search icon

An easy-to-use Windows anti-virus and security software with quick, full and customizable scan options

An easy-to-use Windows anti-virus and security software with quick, full and customizable scan options

Vote: (937 votes)

Program license: Free

Program by: Microsoft

Version: 4.10.0209.0

Works under: Windows


Program license

(937 votes)


Program by




Works under:


Microsoft Security Essentials is a freeware antivirus solution designed to protect Windows systems.

Microsoft Security Essentials—often abbreviated MSE—is an antivirus program that monitors for, detects, quarantines and eliminates viruses, spyware, trojan horses, rootkits and so forth. MSE is available free of charge to home users and small business that are using a supported Windows operating system. Microsoft developed and maintained MSE for Windows XP, Windows Vista and Windows 7.

The design goal of MSE was not necessarily to compete with Kaspersky Lab, McAfee, Symantec and so on but rather to ensure that the average user had some form of AV protection active. Prior to MSE, there were many systems running without any protection at all. This intent cause many to prematurely judge MSE. How good could it be was a common line of reasoning. But MSE in practice proved to be quite effective. It may not be as sophisticated as the offerings from some of the bigger names in AV protection, but for the average home user, it is dependable and already installed in many cases.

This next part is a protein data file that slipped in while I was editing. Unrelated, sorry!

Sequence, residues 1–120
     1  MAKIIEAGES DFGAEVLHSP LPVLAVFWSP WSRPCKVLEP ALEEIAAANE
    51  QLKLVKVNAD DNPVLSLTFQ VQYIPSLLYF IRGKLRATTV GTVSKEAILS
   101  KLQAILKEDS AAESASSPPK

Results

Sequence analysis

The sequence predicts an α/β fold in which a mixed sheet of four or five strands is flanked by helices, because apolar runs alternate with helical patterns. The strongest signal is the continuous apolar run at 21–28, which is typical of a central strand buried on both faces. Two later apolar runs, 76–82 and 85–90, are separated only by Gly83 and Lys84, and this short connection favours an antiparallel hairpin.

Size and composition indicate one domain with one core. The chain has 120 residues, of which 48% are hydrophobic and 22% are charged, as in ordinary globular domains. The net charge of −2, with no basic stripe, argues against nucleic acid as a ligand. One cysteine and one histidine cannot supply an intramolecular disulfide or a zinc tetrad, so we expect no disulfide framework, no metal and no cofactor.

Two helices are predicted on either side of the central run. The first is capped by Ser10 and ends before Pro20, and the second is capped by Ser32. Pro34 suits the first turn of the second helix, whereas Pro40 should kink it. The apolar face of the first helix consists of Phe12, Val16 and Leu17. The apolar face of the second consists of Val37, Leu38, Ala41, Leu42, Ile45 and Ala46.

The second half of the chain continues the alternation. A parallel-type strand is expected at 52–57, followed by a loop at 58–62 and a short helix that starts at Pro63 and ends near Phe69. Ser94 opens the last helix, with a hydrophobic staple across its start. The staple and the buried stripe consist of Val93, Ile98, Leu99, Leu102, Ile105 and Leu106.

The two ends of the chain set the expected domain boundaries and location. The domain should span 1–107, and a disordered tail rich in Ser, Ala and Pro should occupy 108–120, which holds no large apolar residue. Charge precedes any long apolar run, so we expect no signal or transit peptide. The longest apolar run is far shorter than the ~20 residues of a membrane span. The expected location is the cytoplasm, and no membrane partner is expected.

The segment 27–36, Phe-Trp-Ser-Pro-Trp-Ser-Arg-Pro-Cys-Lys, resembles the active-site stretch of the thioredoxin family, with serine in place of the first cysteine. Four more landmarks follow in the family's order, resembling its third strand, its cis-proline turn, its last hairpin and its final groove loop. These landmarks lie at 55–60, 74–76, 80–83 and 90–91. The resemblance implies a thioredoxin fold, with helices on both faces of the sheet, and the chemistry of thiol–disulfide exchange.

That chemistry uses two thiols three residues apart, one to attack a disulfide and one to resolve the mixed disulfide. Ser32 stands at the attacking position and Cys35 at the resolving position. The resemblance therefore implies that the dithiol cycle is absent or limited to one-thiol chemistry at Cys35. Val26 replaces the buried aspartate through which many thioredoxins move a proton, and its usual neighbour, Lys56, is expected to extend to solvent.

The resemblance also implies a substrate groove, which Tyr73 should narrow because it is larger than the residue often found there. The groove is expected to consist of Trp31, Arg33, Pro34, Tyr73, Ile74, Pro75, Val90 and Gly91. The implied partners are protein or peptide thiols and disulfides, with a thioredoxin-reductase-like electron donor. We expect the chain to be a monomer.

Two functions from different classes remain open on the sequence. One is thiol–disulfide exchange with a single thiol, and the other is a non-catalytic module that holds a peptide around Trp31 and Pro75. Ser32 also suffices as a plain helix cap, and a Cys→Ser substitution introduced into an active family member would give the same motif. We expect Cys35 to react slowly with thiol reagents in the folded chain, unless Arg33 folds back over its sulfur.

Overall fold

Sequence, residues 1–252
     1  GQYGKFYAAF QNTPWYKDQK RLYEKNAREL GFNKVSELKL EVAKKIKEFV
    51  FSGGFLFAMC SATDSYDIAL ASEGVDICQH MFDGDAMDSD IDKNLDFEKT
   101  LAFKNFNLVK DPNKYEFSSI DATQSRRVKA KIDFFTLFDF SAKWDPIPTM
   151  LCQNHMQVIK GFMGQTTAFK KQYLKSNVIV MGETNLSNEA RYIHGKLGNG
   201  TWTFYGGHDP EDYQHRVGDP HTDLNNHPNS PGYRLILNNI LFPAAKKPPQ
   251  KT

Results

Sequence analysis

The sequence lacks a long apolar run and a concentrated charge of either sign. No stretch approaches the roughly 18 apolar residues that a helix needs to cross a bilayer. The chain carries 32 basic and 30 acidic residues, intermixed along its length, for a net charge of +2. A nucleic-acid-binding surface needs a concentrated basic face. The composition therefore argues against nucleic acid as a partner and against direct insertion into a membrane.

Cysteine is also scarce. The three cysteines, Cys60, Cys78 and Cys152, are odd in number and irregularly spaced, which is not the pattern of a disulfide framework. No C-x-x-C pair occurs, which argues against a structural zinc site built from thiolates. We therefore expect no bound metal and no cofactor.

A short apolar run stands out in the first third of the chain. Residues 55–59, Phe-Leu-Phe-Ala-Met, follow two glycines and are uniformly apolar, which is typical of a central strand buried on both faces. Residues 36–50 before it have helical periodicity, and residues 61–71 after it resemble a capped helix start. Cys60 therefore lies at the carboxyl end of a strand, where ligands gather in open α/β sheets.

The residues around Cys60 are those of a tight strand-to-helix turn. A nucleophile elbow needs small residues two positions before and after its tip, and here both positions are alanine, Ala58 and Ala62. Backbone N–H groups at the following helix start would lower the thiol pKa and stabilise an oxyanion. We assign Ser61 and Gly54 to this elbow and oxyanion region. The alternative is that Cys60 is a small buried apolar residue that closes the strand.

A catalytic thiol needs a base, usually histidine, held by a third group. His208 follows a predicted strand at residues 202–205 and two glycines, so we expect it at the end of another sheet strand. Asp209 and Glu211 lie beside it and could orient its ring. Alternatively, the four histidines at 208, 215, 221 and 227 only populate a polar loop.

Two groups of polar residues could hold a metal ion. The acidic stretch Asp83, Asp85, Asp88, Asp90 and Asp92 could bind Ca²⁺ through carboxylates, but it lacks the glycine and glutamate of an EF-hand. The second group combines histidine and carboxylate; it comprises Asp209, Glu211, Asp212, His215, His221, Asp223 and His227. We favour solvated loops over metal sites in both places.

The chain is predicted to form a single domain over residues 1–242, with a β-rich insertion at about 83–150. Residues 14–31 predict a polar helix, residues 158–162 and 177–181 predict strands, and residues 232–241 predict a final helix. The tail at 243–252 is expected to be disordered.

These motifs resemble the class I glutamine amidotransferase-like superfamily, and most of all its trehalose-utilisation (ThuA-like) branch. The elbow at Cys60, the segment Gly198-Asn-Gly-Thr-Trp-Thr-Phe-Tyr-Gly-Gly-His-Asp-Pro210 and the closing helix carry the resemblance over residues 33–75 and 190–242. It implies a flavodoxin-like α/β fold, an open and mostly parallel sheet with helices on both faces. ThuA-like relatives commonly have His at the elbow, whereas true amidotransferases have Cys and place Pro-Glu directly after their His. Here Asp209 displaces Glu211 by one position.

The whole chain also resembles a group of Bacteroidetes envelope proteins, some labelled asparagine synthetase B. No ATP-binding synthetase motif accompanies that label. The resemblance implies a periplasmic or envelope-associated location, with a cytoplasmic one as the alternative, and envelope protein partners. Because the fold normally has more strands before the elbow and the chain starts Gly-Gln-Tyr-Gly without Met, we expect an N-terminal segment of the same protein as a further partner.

If you have a home edition of Windows XP, Vista or 7, you can install MSE alongside the OS. If you do not have one of those versions or opted not to install it, the download provided here lets you install it after the fact. When MSE installs, the program configures itself based on your system. That default configuration is fine for the average user, but more advanced users can also customize it. The app provides a robust collection of settings that let you decide when the program updates, when it performs full system scans, the specifics of real-time monitoring, whether it uses System Restore and so forth.

Microsoft has designed MSE to be as hands off as possible. The program even updates itself, which is not an uncommon feature among AV programs, but this one is set by default to check three times throughout the day and update seamlessly in the background. If a hotfix is needed, Microsoft can even push notifications to MSE in order to update the virus definitions and the like. You can disable this if you prefer, but it provides peace of mind to get protection against serious threats as soon as possible.